23 Covered Interest Parity cont d These proceeds are nonrandom; they depend only on prices and riskless rates quoted at date 0. If this amount is positive (negative), then we should buy (sell) this portfolio as it represents an arbitrage. Thus, in the absence of arbitrage, it must be that F 0 = S 0 R f =R f (21) which is the covered interest parity condition: given S 0, R f and R f, the forward rate is pinned down. Thus, when applicable, pricing assets or contracts by ruling out arbitrage is attractive in that assumptions regarding investor preferences or beliefs are not required. CAPM, Arbitrage, Linear Factor Models 23/ 41

24 Example: Arbitrage and CAPM Suppose a single source of (market) risk determines all risky-asset returns according to the linear relationship er i = a i + b i ~f (22) where e R i is the i th asset s return and ~f is a single risk factor generating all asset returns, where E[~f ] = 0 is assumed. a i is asset i s expected return, that is, E[ e R i ] = a i. b i is the sensitivity of asset i to the risk factor (asset i s beta coe cient). There is also a riskfree asset returning R f. Now construct a portfolio of two assets, with a proportion! invested in asset i and (1!) invested in asset j. CAPM, Arbitrage, Linear Factor Models 24/ 41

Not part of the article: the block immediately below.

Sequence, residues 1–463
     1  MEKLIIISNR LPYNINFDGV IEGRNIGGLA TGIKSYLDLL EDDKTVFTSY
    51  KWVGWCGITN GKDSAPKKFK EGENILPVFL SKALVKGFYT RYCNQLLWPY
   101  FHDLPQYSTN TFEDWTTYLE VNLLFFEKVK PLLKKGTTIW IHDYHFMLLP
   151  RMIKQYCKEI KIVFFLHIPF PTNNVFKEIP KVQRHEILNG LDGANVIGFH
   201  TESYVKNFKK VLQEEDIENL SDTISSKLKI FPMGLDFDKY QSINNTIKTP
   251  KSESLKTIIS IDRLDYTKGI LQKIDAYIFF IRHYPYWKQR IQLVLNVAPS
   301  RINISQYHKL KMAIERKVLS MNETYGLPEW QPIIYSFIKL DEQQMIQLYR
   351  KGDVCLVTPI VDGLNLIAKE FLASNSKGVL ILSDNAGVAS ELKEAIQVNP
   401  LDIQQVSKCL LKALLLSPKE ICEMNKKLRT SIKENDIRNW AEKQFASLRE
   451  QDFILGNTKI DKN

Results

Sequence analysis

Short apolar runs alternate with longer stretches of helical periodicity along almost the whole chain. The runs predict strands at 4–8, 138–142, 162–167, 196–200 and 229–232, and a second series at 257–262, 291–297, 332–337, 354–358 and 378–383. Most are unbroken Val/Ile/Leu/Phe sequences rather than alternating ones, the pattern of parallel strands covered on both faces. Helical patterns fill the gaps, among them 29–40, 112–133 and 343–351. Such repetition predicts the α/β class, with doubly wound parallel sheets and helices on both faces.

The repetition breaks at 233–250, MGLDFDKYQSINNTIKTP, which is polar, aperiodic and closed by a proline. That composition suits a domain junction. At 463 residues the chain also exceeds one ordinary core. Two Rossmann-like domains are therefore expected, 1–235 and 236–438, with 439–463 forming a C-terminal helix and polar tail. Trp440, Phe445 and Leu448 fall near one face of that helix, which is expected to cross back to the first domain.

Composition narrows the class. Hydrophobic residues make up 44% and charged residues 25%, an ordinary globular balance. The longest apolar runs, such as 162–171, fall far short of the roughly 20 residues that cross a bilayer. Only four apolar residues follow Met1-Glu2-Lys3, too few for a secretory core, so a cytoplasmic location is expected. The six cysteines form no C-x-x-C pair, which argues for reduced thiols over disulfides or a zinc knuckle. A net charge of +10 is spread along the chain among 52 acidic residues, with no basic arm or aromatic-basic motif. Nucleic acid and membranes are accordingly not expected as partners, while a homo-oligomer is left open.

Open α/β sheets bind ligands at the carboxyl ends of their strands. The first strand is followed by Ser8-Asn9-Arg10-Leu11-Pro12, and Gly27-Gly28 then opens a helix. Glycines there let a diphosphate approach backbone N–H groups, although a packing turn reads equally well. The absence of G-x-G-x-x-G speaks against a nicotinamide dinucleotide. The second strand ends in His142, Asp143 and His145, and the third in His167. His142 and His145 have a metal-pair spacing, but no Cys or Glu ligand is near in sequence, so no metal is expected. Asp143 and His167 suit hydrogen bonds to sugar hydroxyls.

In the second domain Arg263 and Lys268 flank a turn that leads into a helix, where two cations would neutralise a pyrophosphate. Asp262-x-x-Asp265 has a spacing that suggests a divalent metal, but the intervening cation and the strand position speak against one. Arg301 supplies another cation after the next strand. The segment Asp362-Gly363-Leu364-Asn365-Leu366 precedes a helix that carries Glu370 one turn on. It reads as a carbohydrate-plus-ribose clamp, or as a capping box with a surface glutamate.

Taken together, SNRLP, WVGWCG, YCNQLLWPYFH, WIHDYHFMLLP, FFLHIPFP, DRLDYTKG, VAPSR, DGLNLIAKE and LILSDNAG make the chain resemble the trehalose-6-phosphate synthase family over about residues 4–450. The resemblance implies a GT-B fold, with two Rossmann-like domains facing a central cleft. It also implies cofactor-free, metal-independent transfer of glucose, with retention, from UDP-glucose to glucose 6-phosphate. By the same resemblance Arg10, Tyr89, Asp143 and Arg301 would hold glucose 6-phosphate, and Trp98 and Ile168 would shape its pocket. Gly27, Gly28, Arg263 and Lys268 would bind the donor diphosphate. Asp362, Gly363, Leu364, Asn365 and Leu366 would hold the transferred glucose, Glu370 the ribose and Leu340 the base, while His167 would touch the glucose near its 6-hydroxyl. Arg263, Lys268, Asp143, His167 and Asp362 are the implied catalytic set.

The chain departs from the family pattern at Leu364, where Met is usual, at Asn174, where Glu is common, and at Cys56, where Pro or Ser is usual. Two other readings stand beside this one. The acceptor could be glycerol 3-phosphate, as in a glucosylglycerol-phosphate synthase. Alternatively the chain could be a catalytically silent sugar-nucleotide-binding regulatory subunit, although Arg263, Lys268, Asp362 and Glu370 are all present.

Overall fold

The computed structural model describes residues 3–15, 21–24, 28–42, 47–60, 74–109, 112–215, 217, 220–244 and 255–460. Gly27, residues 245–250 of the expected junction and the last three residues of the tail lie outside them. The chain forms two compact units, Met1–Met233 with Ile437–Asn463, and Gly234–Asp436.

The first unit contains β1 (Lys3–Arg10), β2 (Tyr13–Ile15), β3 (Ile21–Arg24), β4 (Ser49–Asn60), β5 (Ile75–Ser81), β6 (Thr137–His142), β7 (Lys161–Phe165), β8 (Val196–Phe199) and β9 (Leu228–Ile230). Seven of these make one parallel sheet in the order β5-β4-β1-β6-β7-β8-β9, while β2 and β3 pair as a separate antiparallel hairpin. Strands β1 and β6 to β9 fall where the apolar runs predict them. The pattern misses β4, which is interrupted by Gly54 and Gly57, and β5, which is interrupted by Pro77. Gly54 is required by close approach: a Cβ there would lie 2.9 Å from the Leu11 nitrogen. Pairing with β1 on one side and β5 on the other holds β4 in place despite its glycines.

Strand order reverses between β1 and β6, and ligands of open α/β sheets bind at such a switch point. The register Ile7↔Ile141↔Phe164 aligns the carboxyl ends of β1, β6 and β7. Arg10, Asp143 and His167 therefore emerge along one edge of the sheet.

25 Arbitrage and CAPM cont d This portfolio s return is given by er p =!a i + (1!)a j +!b i ~f + (1!)b j ~f (23) =!(a i a j ) + a j + [!(b i b j ) + b j ] ~f If the portfolio weights are chosen such that! = b j b j b i (24) then the random component of the portfolio s return is eliminated: R p is risk-free. The absence of arbitrage requires R p = R f, so that R p =! (a i a j ) + a j = R f (25) CAPM, Arbitrage, Linear Factor Models 25/ 41

26 Arbitrage and CAPM cont d Rearranging this condition which can also be written as a i b j (a i a j ) b j b i + a j = R f b j a i b i a j = R f b j b i R f b i = a j R f b j (26) which states that expected excess returns, per unit of risk, must be equal for all assets. is de ned as this risk premium per unit of factor risk. CAPM, Arbitrage, Linear Factor Models 26/ 41

27 Arbitrage and CAPM cont d Equation (26) is a fundamental relationship, and similar law-of-one-price conditions hold for virtually all asset pricing models. For example, we can rewrite the CAPM equation (12) as R i R f = ( R m R f ) S e (27) im i m so that the ratio of an asset s expected return premium, R i R f, to its quantity of market risk, im i, is the same for all assets and equals the slope of the capital market line, S e. What can arbitrage arguments tell us about more general models of risk factor pricing? CAPM, Arbitrage, Linear Factor Models 27/ 41